The Orange Show and dusk brought a calming yet excitement-filled energy; Mirah commented that the packed Orange Show made her feel like she was in a stadium-like setting. The set began with Thao’s “The Clap” with both Thao and Mirah’s individual songs equally performed, with Mirah’s voice being featured on Thao’s songs and vice versa. From toddler to gray hair, the crowd made Houston proud by becoming an additional and collective band member, clapping to at least half a dozen songs. The sound quality and talent by each band member were unmatched. Both Thao and Mirah have distinct and beautiful voices with instrumental talents that compliment each other’s styles. Songs played were from Thao’s We Brave Bee Stings and All (2008) and Know Better Learn Faster (2009) and Mirah’s Advisory Committee (2001), C’mon Miracle (2004) and (A)spera (2009) In addition to performing each other’s songs, Thao, Mirah and The Most of All played a few songs they had written together. For the encore? Mirah and Thao became a part of the audience, jumping out of the stage and joining the audience for the last few songs while the audience got on their feet. Indeed, Houston has much love for Thao and Mirah with The Most of All.

Led to Sea started the evening off with Alex Guy and her Viola, a loop pedal and songs about crashing bikes and being a bad girlfriend. Alex is also a part of The Most of All, a group of multi-instrumentalists, from clarinets to xylophones.

Houston definitely brought the Heat, both with our energy and, of course, literally. Yes there were mosquitoes and clothes were sticking to bodies, but it was worth every second.

Thanks St. Arnold’s for the delicious and refreshing Amber!

Here is a personal thanks from Thao


“Orange Show in Houston! thank you for dancing and singing and handling sparklers responsibly.”



The Wild Moccasins CD Release Runoff

The Wild Moccasins
The Wild Moccasins

The Wild Moccasins :: My Favorite Die
The Wild Moccasins :: Mailman

photos by Richard Ramirez II and Ike Theriot

The Teenage Kicks

teenage kicks

Houston came out in force Friday night to support the Wild Moccasins’ release of their new EP Microscopic Metronomes. Walter’s on Washington reached capacity before the second band, Buxton, even began to play. Many people who were turned away hung out in the packed parking lot anyway, just to soak up the scene and catch the sound bites escaping through the front door.

The Teenage Kicks greeted those early-comers who scored free pizza and a copy of Microscopic Metronomes with their ticket. By the end of their set, only a handful of EPs were left, the pizza was long gone, and the crowd was dancing.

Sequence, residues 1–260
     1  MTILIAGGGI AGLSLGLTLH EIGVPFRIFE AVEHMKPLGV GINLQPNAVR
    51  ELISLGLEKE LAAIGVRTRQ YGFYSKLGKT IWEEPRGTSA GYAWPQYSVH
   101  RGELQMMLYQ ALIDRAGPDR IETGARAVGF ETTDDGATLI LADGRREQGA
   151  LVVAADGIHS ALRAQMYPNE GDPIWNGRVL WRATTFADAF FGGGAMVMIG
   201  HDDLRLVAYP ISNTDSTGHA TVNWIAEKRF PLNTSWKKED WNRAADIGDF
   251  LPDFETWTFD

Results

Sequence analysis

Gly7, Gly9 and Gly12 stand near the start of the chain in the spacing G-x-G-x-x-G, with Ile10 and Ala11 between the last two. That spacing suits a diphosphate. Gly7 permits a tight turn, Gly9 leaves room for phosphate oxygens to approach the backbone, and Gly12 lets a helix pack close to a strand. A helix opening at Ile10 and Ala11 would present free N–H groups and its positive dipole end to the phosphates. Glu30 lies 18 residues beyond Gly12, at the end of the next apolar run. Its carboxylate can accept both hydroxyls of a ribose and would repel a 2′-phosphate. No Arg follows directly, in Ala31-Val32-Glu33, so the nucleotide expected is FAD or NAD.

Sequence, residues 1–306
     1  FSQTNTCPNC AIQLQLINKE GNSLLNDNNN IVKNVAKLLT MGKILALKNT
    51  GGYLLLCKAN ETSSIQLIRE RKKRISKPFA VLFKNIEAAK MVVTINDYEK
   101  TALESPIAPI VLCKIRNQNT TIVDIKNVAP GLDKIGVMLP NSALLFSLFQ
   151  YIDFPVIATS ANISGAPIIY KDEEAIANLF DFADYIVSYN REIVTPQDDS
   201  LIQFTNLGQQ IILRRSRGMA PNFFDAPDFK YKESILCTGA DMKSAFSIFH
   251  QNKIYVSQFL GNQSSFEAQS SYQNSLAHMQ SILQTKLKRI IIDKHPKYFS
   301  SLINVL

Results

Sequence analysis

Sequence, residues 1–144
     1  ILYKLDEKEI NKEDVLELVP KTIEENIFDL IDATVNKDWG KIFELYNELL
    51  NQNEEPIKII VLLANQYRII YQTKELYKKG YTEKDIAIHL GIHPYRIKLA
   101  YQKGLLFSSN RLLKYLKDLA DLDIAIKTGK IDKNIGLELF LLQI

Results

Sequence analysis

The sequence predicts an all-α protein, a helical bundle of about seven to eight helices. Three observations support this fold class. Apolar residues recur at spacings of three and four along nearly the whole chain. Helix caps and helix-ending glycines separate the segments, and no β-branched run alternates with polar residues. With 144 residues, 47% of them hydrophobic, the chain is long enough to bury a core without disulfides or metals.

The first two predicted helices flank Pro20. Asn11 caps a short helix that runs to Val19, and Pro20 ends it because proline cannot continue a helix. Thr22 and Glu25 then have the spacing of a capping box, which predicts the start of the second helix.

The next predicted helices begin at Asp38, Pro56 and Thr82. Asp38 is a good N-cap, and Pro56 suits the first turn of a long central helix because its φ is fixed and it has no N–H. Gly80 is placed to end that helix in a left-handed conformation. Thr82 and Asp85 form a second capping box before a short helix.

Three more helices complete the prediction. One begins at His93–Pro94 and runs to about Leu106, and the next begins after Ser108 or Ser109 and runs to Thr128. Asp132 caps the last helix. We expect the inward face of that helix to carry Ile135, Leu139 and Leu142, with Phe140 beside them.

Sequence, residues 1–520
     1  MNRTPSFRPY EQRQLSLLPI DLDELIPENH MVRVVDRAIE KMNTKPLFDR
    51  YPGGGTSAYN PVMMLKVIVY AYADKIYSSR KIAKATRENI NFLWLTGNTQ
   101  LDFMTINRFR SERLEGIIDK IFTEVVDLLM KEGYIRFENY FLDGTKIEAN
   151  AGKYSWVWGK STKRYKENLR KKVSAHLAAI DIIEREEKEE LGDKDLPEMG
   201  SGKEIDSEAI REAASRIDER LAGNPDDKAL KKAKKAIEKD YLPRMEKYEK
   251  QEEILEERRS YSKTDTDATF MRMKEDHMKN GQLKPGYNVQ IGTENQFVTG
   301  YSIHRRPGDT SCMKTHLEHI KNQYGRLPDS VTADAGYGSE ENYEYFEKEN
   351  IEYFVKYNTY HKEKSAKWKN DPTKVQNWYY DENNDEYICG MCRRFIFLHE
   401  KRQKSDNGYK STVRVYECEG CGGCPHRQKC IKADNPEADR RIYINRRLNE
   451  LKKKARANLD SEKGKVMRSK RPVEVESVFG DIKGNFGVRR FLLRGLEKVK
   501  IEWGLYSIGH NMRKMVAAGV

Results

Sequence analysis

Buxton was up next, and their following was huge. The crowd refused to move during the set change, chatting amongst themselves as they stood and waited. As a result, there was less of the jubilant dancing you usually see at Buxton gigs, and more of a jostle-and-sway as much as possible in the two inches of space around you. Buxton’s bluegrass pop has a more noticeably Southern sound than most other local bands. Zahiri and Cody of The Moccasins joined them for the last few songs of their set, to get the crowd pumped for the headlining shenanigans.

Sergio of Buxton

Sergio of Buxton

Co-frontman Cody Swann sounded genuinely touched and amazed as he thanked the sold-out crowd for their support. Greeted by enthusiastic cheers, The Moccasins launched into a new song, as vibrant and catchy as ever. Going to a Wild Moccasins show makes you feel like a latchkey kid watching The Partridge Family. You just ache to be a part of that happy, sparkly jumble of people, with their shiny clothes and beautiful mustaches. Zahira Gutierrez and Cody Swann sneak meaningful glances at each other while singing the catchiest nonsense refrains you’ve ever heard, with voices like sunny Florida oranges and big eyes like kittens in laundry hampers. They’re so cute you want to hate them, but their songs are so good you can’t. For the last song, the Moccasins invited the crowd to join them onstage to set off dollar-store confetti poppers and dance. Notable Houston musicians like Fat Tony, some Ton Tons and Young Mammals were among those onstage, grinning and singing along. You don’t find that kind of camaraderie and good vibrations among musicians in every city, and it’s a major reason why, lately, our scene is getting better and better with every show.

Review by Simone Kern & Alma Verdejo


University Of Houston Indiehouston Series with Judgment Day puts on two shows each month at the University of Houston. By bringing emerging artists to campus, we hope to revitalize student interest in Houston’s independent music scene.

The next show will be November 18, 2008 with The Mckenzies and another band TBA. [11:30am-2pm at UC underground]

Here are pictures of our last showcase, featuring Judgement Day:
see our flickr at


Riff Tiffs at FPH Westheimer Block Party Show

Riff TIffs Show Journal by Charlie Brite

Riff Tiffs

5:19 I head back to Mangoes to catch the Riff Tiffs, and I instantly fall in love with the bassist. She’s playing a B.C. Rich, her hair is platinum blonde with a splash of purple, and it looks like she’s got needles sticking out of her mouth. At first I think it’s an intense piercing, but then I realize she’s just holding something between her lips—bobby pins maybe? They stay there for the whole set. Anyways, the Riff Tiffs rock. Ethereal, clean melodies make you feel chilled-out-on-barbs one second, and then snarling power chords get you all fuck-the-establishment pissed off Radiohead-style in the next. Chris Rehm switches frequently between his “normal” voice, a disaffected suburban growl, and a plaintive falsetto. The brothers Rehm both wear skinny headbands, which I suppose is like the indie version of wearing a band uniform. Later, we catch up with the bassist at Band Camp, hosted at the Caroline Collective, and she voices her enthusiasm for indiehouston’s noble cause. She graciously volunteers to plaster the town with stickers of our logo if we provide them. What an excellent idea!

see more pictures at below link



Need a Friend?


Join our Mailing List